In Orange County in 1988, only 37% of mothers-to-be 14 years and under received prenatal care during the first trimester, contrasted with 80% overall, according to Orange County Health Services. In Los Angeles County, the figures were 42%, contrasted with 72% overall.
Consequently, 14% of babies born to girls under the age of 15 have low birth weights (less than 5 1/2 pounds), which is twice the percentage of low-weight newborns overall, according to national health statistics.
"Pregnancy for these kids is not a real event until they start to blossom and look pregnant," says Lind of Orangewood. "They have no idea about prenatal care and good nutrition. If they were indulging in substance abuse before they became pregnant, they often continue to use drugs throughout their denial (stage)."
Linda admits that she smoked marijuana and drank alcohol during the early months of her pregnancy, but luckily, daughter Lisa arrived on her due date a healthy 6 pounds, 14 ounces.
She says did not immediately take to her baby. "They laid her on my stomach, and she was all slimy, and I said, 'Oooh, clean her up!' " Linda says with a laugh.
But later that day, when a nurse brought the newborn to her room to breast-feed, Linda fell in love.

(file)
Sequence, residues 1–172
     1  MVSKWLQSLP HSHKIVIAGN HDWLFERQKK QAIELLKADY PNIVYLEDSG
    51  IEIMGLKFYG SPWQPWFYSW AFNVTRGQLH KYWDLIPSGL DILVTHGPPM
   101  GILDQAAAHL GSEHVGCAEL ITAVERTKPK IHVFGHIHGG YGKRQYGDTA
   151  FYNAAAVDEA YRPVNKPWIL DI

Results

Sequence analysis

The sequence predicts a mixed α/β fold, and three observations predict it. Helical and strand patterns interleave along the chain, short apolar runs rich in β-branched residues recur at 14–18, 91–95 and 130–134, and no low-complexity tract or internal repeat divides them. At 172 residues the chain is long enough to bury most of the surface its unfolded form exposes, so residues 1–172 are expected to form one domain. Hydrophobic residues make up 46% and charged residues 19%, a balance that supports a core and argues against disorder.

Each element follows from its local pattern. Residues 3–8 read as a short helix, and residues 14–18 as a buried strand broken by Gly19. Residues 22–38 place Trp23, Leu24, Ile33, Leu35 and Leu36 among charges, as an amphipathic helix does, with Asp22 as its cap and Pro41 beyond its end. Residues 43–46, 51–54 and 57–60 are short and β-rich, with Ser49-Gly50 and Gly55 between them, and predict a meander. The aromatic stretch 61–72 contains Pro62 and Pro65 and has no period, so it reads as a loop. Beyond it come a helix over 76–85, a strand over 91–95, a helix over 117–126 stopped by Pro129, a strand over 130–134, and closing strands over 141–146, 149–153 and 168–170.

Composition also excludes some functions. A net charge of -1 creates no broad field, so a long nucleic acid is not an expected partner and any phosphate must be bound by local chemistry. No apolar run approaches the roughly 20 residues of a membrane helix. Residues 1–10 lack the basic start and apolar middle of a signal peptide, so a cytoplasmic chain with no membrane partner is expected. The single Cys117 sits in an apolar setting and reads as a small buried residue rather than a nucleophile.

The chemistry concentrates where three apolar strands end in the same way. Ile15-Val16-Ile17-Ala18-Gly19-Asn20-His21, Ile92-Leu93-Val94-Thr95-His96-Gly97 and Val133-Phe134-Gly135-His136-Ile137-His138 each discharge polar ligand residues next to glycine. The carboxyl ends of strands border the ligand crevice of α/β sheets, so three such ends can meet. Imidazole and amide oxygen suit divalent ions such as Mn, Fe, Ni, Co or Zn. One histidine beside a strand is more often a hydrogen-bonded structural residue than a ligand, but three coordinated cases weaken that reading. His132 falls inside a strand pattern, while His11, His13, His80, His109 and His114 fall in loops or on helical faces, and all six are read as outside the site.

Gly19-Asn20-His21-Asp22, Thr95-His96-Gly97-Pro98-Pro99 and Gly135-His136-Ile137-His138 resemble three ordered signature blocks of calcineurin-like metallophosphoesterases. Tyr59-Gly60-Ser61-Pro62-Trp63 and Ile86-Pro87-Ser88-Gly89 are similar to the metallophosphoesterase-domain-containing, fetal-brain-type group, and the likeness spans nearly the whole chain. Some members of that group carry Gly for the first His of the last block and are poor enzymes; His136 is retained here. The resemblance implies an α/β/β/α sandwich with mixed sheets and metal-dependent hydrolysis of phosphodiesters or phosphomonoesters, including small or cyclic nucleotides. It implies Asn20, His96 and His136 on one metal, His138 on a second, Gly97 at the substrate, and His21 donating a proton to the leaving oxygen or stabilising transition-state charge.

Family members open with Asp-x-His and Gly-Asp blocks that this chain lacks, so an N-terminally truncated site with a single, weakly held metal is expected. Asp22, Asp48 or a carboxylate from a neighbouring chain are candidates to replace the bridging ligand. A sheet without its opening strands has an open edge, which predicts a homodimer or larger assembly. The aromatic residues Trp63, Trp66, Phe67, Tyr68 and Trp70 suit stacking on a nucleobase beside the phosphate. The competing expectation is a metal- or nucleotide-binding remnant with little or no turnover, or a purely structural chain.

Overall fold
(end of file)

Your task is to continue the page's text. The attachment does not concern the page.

"I didn't want them to take her back to the nursery," she says. She never considered adoption.
It was not until her baby's birth that Linda could pinpoint the father.
Says Linda, whose father was black, "I had it narrowed down to three guys." Two were black and one was Latino; Lisa's light skin indicated that "Tommy," the Latino, ranked the most likely candidate.
"He was an eighth-grader," Linda says. "He wasn't the best person to hang around with. He was affiliated with a gang and was into drugs."
Still, she somehow felt driven to tell Tommy about his daughter. "I went to his house," she says. "His family was in the process of moving, and he wasn't there. I left a photo of Lisa with his little brother.
"I figured he at least should know what his child looks like; I figured that would make him care--she's such an adorable little kid. But I never heard from him."
While pregnant, most teen mothers harbor "the fantasy that their boyfriends will marry them and they'll live happily ever after," says Marlene Angelos, director of Orange Unified Child Development Center, which provides parenting classes and day care to teen mothers.